This is the argument that goes: the rich geezer spends four times the amount of the poor geezer argument, therefore he needs protecting.Did n’t fly in 1900 when it was much in vogue.

  2. DBC – Where your contention fails is that the “mass-market factories” are nowadays based in China or similar. At least the “personal services” that the rich buy will have far more chance of being UK-based.

  3. I was rather proud that I noticed, when young, that self-proclaimed Keynesians cited Keynes only when his arguments supported what they wanted to do anyway, but never when they would have supported their opponents. Mind you, I suspect that Keynes took that line himself. He was terribly clever, but not a little slithery, I suspect.

  4. You can’t draw that conclusion from the survey. Just because “A willingness to make major purchases” is higher among the rich than the poor doesn’t mean they are spending more of their income on them.

  5. You can’t conclude that from this reported survey. As I read the Markit press release, there’s just a question about whether the respondent’s willingness to make a major purchase has gone up or down. You can’t leap from this to the conclusion that the average level of the mpc is higher for the rich than the poor. Even if the right thing is measured by this question, levels are not compared across income groups, as far as I can see, only changes since the last survey.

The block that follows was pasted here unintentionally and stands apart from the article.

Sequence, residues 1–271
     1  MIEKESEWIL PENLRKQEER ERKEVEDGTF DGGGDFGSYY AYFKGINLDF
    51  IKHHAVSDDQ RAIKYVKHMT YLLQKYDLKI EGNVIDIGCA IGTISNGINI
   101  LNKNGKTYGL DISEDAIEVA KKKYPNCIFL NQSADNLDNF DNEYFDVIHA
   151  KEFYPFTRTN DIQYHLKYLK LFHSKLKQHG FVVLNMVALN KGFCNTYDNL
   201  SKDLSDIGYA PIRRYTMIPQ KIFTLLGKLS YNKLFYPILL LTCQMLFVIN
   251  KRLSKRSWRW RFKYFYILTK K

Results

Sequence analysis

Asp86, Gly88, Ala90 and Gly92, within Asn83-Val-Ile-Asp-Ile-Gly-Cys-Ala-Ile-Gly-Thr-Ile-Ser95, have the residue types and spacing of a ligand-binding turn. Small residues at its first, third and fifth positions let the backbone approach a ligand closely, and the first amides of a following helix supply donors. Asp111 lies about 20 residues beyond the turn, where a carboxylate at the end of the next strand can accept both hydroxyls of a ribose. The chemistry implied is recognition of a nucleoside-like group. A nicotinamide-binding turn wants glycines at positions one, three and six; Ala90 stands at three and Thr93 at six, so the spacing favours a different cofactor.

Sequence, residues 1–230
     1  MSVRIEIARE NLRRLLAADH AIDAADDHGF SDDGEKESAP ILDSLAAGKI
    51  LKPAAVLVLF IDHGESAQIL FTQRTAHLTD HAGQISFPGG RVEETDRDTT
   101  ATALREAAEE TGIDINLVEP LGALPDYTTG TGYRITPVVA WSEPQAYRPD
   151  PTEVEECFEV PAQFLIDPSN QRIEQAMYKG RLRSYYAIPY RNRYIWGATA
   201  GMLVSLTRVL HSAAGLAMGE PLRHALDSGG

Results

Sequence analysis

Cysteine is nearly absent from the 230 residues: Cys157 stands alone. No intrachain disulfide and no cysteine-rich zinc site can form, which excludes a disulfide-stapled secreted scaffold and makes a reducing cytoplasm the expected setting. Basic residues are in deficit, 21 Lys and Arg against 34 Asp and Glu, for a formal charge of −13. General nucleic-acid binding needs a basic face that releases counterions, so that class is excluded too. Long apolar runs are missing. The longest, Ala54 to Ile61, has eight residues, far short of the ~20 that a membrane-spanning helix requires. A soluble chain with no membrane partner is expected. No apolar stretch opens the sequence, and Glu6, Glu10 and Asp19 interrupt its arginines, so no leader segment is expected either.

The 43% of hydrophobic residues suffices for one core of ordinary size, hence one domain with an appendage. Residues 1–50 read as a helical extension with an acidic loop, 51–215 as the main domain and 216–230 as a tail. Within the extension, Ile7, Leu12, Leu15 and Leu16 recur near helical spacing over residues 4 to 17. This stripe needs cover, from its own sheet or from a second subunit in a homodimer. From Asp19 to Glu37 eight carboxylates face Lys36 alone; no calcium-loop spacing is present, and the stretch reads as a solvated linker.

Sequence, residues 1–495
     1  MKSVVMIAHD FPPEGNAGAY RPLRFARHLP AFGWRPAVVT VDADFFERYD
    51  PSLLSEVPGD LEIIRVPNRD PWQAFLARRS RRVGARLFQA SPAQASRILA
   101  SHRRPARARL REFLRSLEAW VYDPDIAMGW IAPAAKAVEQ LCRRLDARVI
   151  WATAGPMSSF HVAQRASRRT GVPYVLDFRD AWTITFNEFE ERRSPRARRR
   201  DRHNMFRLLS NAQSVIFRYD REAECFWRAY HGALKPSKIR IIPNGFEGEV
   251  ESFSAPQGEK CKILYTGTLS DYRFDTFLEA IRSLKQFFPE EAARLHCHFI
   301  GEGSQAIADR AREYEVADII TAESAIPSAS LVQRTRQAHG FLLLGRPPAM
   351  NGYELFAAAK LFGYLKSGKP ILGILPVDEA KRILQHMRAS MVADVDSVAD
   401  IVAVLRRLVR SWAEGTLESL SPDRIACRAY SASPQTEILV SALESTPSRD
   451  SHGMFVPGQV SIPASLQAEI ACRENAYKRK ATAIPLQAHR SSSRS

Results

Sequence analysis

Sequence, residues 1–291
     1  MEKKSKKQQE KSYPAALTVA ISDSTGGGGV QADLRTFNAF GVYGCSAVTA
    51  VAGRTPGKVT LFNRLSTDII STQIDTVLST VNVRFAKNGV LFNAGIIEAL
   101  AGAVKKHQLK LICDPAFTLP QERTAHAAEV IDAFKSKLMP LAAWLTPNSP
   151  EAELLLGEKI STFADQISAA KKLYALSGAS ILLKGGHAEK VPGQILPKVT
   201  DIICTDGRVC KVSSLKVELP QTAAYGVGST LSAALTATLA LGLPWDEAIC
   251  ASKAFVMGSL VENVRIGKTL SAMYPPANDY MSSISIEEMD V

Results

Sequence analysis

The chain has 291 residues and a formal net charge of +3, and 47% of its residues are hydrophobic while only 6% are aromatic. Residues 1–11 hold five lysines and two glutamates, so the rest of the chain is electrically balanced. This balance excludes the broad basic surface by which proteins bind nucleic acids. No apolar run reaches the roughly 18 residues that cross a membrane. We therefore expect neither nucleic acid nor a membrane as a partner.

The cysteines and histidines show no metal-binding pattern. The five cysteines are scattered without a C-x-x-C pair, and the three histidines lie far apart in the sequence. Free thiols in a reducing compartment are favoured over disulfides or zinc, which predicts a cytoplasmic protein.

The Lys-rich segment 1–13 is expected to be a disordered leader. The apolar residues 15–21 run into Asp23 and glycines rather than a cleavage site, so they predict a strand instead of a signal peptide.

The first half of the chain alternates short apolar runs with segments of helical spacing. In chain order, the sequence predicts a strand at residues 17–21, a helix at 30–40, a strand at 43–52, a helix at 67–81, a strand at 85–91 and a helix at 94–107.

Come on, there are quite enough blogs already that seek to overturn well-established economic regularities on the basis of impressionistic survey results.

  6. @RT
    Its the old adage that money, like dung ,does more good when spread thin.The crafstman or artist who created the collectible does n’t get paid the modern price being dead (or s/he would n’t be collectible).The modern price gets spread very narrowly but very thick.Most of it will go to the rich collector who sold it.Personal services are labour intensive not labour extensive.A few rich people’s needs or wants will not keep the mass of people in well-paid work.Rich people spend the same as poor people on bread,vegetables and the staples.Their personal spending cannot keep a whole economy going.The same money,spread around ,”Share the Wealth”, could support mass production and consumption of cheap goods largely through mechanisation which the spending-power of the rich does not promote.

  7. DBC Reed: “Most of it will go to the rich collector who sold it”

    And of course this collector will burn it, right, as will all those who work at the auction house.

    Fact is, the spending of ANYONE is not to “keep the mass of people in well paid work”. Jobs are a by-product of production. Period.

    If you say their personal spending cannot keep an economy going, why, pray, do so many think the taxes extracted from those same “rich” people will do so? Further, once the sticky, grubby, clumsy hands of the state have been all over that money, I suspect it will end up feeding bureaucrats not horny-handed sons of the soil.